October 7th, 2015 by Deanna Johnson
The Henry Stewart Talks is a collection of biomedical and life sciences specially prepared animated audio visual presentations with synchronized narration. It is regularly updated and growing, with over 1,500 talks; and a new series, Cancer Genetics, has just been added. Here’s a sampling of new talks:
Chromosome translocations and cancer by Prof. Felix Mitelman, Lund University, Sweden
Role of molecular markers in guiding therapy in cancer by Prof. Joe Duffy, St Vincent’s University Hospital and University College Dublin, Ireland
Respiratory Mycoplasmas by Prof. Stephen Gillespie, University of St. Andrews, UK
Nanomedicine: promises and pitfalls – part 1 of 3 by Prof. Thomas Webster, Northeastern University, USA
Ischemic heart disease – part 1 of 2 by Dr. Vivek Lal, King Faisal University, Saudi Arabia
Bacterial vaccines in development – part 1 of 2 by Dr. Kathrin Jansen, Pfizer Vaccine Research & Development, USA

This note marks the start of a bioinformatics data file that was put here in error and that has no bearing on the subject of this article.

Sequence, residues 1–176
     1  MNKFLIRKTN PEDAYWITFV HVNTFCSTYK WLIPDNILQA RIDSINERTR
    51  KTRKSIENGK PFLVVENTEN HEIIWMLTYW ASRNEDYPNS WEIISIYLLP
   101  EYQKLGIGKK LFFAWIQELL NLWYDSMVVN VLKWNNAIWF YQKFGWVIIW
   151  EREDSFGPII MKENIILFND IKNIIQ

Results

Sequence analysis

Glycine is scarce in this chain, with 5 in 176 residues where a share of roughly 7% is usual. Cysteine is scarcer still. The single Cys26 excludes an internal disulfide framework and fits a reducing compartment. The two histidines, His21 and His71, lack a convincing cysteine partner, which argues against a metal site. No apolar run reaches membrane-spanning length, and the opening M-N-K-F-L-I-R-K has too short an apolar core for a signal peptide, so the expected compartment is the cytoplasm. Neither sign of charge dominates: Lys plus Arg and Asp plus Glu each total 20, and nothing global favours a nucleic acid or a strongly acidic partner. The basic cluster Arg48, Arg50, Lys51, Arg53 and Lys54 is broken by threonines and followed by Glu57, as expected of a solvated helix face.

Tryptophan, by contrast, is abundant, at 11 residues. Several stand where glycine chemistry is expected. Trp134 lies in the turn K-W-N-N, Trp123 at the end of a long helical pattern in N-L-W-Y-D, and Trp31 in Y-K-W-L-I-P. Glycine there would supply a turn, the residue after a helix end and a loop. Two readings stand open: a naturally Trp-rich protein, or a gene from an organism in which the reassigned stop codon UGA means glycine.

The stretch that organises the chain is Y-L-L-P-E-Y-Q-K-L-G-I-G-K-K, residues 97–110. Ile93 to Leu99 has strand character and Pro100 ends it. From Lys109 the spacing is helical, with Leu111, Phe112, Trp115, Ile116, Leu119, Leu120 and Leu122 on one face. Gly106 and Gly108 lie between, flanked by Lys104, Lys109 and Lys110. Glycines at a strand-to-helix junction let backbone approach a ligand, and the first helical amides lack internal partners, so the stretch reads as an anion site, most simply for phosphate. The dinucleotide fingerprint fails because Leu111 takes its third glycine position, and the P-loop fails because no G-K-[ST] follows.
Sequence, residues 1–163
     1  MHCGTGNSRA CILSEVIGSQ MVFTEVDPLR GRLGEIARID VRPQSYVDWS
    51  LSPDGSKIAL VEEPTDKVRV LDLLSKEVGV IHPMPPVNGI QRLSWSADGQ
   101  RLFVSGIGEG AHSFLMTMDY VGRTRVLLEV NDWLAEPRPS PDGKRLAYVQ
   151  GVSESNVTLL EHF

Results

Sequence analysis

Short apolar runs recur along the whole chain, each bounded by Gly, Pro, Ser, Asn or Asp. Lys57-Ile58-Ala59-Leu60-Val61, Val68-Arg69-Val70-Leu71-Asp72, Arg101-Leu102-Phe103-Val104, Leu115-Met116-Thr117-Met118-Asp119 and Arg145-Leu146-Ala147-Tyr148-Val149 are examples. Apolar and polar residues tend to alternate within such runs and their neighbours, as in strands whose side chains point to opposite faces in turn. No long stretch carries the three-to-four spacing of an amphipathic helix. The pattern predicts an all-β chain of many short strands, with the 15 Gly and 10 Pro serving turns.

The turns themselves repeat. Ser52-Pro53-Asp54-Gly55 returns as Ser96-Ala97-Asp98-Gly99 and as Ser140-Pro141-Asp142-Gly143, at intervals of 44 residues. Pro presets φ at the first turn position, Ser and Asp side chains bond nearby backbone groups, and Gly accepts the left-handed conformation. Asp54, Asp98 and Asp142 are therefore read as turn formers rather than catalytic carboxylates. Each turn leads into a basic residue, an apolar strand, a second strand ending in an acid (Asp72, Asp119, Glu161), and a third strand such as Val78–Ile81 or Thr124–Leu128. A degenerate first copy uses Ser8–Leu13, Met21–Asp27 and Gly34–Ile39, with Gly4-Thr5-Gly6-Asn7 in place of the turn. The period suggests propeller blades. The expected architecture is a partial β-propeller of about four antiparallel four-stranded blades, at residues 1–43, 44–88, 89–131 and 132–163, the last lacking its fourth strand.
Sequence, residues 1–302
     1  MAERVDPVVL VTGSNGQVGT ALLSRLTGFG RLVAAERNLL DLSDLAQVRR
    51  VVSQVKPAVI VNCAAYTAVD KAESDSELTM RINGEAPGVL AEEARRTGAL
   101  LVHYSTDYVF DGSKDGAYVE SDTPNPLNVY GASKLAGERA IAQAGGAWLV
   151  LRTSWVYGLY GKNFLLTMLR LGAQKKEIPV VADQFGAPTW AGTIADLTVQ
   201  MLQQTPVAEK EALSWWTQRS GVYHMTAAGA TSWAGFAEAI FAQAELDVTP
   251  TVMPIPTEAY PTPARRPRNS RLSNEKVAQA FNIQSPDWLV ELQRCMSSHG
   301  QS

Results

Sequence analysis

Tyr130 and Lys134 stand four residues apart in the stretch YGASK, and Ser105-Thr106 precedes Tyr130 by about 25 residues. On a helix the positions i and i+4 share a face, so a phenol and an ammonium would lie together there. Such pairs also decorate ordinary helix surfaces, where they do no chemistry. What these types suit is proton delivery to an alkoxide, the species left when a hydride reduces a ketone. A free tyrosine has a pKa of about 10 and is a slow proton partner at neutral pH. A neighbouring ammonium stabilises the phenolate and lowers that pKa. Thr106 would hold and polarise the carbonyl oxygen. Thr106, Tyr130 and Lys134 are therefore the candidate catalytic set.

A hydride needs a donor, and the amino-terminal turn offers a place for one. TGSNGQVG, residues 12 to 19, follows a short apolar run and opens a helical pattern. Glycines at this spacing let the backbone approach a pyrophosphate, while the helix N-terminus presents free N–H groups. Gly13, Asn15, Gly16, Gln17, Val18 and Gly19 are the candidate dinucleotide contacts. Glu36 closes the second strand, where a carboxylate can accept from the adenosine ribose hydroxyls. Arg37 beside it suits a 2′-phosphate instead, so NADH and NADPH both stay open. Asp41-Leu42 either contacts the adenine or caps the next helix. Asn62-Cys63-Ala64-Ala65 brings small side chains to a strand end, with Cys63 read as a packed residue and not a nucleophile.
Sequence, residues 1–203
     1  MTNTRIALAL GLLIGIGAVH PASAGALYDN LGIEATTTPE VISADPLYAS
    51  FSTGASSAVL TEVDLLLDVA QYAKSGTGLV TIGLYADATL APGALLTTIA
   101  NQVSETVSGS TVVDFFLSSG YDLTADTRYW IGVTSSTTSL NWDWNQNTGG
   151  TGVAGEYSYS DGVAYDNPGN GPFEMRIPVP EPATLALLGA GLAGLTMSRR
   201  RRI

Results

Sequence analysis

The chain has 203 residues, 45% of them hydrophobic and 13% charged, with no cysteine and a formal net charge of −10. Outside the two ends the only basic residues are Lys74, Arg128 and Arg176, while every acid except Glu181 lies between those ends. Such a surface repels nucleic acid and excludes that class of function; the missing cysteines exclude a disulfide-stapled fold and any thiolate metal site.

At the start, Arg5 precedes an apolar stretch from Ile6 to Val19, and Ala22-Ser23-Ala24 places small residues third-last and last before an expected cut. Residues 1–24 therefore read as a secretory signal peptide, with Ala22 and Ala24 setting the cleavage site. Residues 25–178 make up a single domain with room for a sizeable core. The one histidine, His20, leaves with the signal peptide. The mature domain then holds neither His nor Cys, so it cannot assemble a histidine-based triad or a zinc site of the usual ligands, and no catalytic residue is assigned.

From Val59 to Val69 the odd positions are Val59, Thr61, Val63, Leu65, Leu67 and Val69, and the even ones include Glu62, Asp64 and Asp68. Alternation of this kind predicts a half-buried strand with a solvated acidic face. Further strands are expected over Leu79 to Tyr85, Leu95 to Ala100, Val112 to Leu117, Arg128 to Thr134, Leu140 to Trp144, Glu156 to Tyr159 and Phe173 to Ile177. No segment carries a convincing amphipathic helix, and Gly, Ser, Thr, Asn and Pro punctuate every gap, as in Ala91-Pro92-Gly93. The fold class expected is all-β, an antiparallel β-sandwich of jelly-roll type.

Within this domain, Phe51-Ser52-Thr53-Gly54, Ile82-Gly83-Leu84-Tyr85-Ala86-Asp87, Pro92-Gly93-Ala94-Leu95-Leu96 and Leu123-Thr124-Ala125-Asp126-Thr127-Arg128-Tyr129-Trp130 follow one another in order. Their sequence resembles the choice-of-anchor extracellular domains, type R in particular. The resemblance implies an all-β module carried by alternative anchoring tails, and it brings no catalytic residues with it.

September 12th, 2013 by Amy Studer
Want to find out more about the Patient Protection and Affordable Care Act?
Video from the Henry J. Kaiser Family Foundation
Libraries have developed resource guides about various aspects of the law, including policy and implementation:
February 8th, 2013 by Bruce Abbott
A new report presenting the latest data on the Asian American and Native Hawaiian and Pacific Islander (NHPI) population has been made available by The Asian Pacific American Legal Center (APALC) and Asian Law Caucus (ALC); it provides data on population, population growth, and key social and economic data including income, poverty, education and language.
The site requires that you register to download the report, but it is freely available.
January 23rd, 2013 by Ferguson Mitchell
Sign at Seattle's March and Rally for Health Care Reform on May 30, 2009.
Earlier this month, JAMA published a viewpoint article by Victor R. Fuchs, PhD, about the differences between the United States and other countries of the Organization for Economic Co-operation and Development (OECD).
In it, he highlights key differences between the US and other OECD members:
“US health care is very different from health care in other countries. Potential reasons for the differences are discussed, leading to the conclusion that future efforts to control cost, provide universal coverage, and improve health outcomes will have to consider the United States’ particular history, values, and political system.”
Read the full article – JAMA.
Image courtesy seiuhealthcare77nw via Flickr.